Because Adam's a friend, I could be impolite and ask him about it. He told me the overall goal of the museum and its impact is not so much about attendance inside the building but the extent to which the museum itself is a creative producer whose work infuses the city. Adam and his colleagues are more like a conceptual art collective than arts administrators. They produce work, and they measure success by the extent to which it is seen/discussed/debated/loved/hated--both by people who directly experience it and those who do not. Adam encourages his staff to develop programming as "tight stories that can be shared, even with those who won't attend."

For example, when I was visiting, the MCA was about to host Art Meets Beast, a two-day festival of bison butchering, meals, and lectures that slams together contemporary art and the spirit of the American West in an original way. Adam told me he cares just as much about people who hear about Art Meets Beast and associate with MCA as people who actually attend. It makes sense. His goal is for people to have a new idea about a museum, or art, or the West. He doesn't care what kind of engagement has to happen for them to get the idea.

Adam described his vision for the MCA Denver's impact this way:
I often think about a performance I attended at my college when I was studying in England in 1990. It was early in the school year, email had only recently become available and I had just spent a couple of hours in the college computer lab with other foreign students corresponding with friends back home, composing DOS messages in glowing white text on black screens. In the evening, I walked across the plaza to the auditorium for the performance along with all the other foreign students who had nothing else going on. The show was billed as a comedy and it started off more or less like a stand-up comedy act. But the performer gradually became more and more active and theatrical. He also became increasingly lewd and at some point began shouting manically at the audience, building up to a finale, where he turned his back on the audience, dropped his trousers and bent over so that only his bare, white behind was visible under the spotlight on stage. Then, as if trying to prove that he was capable of going far too far, he took out a Roman candle, shoved it in his butt, and lit the fuse, so sparks and flares began flying out towards the stupefied audience.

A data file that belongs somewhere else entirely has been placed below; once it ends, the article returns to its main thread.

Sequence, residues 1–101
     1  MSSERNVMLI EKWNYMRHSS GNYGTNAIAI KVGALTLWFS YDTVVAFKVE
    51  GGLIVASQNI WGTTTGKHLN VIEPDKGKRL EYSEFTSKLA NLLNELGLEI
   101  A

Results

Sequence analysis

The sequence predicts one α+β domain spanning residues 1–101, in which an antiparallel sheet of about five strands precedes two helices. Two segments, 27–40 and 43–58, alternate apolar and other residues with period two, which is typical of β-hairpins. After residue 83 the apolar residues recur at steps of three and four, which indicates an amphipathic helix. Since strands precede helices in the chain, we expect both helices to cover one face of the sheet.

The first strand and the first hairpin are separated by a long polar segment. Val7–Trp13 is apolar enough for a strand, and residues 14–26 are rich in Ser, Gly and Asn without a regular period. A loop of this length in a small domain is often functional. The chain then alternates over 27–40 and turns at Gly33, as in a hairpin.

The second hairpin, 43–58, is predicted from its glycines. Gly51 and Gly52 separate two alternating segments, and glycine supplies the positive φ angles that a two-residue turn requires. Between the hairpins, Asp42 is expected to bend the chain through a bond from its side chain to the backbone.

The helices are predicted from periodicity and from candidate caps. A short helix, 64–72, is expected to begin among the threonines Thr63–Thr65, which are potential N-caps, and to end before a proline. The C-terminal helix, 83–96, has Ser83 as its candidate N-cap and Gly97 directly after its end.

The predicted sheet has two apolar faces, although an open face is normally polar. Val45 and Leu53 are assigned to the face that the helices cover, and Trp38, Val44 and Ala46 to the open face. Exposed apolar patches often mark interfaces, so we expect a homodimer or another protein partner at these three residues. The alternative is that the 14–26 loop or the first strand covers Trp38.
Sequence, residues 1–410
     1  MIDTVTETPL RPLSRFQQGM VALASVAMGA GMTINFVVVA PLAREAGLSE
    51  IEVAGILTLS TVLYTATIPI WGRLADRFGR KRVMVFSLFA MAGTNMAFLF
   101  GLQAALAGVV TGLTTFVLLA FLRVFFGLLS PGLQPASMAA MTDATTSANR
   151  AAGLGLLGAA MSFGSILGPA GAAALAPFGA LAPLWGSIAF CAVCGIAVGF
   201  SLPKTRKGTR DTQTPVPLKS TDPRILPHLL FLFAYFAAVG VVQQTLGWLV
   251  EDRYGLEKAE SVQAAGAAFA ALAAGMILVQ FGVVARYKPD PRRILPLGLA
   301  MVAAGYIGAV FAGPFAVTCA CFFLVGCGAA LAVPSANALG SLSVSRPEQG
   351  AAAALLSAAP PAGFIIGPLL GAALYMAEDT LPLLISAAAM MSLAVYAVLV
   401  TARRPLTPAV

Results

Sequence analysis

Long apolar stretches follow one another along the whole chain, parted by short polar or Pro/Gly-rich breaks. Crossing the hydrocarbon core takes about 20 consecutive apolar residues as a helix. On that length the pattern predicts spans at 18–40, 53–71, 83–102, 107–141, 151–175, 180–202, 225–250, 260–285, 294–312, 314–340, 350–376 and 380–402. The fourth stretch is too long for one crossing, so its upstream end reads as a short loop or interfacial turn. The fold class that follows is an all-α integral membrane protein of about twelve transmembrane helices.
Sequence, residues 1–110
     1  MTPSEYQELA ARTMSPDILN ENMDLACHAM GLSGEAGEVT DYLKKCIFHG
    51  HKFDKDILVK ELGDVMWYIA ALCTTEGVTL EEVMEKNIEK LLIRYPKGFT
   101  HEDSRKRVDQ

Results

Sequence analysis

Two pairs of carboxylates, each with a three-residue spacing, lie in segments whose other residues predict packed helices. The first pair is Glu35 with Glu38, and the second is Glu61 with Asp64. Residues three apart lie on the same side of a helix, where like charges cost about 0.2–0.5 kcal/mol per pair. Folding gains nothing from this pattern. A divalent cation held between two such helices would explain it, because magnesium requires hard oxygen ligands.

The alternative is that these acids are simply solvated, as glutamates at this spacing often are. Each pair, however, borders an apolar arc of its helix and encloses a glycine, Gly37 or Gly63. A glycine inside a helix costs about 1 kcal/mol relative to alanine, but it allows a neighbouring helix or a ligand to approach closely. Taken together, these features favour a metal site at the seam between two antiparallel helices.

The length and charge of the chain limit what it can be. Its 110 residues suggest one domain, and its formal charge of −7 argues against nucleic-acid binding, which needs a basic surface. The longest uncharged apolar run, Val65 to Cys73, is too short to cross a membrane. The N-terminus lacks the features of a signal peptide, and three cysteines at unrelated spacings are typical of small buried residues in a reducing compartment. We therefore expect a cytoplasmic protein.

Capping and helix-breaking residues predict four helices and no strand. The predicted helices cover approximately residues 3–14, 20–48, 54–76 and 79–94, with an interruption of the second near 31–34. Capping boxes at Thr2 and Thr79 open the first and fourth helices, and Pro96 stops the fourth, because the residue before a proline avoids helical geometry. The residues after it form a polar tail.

While this was happening, all I could think was that those white flares flying through the air would become hundreds of email messages launched from the computer lab the next day. The association was instantaneous, as if the recurring bursts from his butt were electronic messages themselves containing the words: “You wouldn’t believe what I saw last night…” And the insight I had at that moment stayed with me. 
Now, over twenty years later, I think about that event as a kind of ghastly myth at the origin of what I am continually trying to create at the museum. I am interested in the way that art and every other creative act have the power to ignite stories. Beyond the visitors who directly experience the art and the imagination of the museum, I care as much about the people who are see our signals from a distance, who are thereby inspired and energized by the sense that there is something extraordinary happening here.
It sounds unorthodox. It sounds wild. But it also sounds like a logically consistent reason NOT to focus on attendance.

I wish there were more organizations like MCA Denver, with thoughtful and powerful definitions of success that may or may not include attendance. What drives me crazy is the folks who say "it's not about the numbers," but don't have a Roman candle metaphor or other set of criteria for how they define their goals. If you are really about kids growing up with your museum, measure frequency of attendance over time. If you are about adults reenergizing their lives through creative play, measure happiness and workshop attendance. If you are about people getting in touch with local history, measure archive research requests and visits to local historic sites.

This whole experience got me thinking about how we measure success at our museum in Santa Cruz. For me, attendance is a big factor. Our vision is to be a "thriving, central gathering place." Accomplishing that goal requires many diverse people who actively participate in our space with each other. It means people becoming members and feeling community ownership. It means producing dynamic programming that is relevant to Santa Cruz County.

But we also have a social mission to build social capital through bridging experiences at and beyond the museum. For us, the crux questions are often, "did you meet someone new [through a museum experience]?" "Did you encounter something that surprised you?" Those questions address our goal of bringing people from diverse walks of life together. And one of my jobs is to find a way to describe, measure, and trumpet that as much as we do attendance or membership figures.

What's the Roman candle metaphor for your measure of success?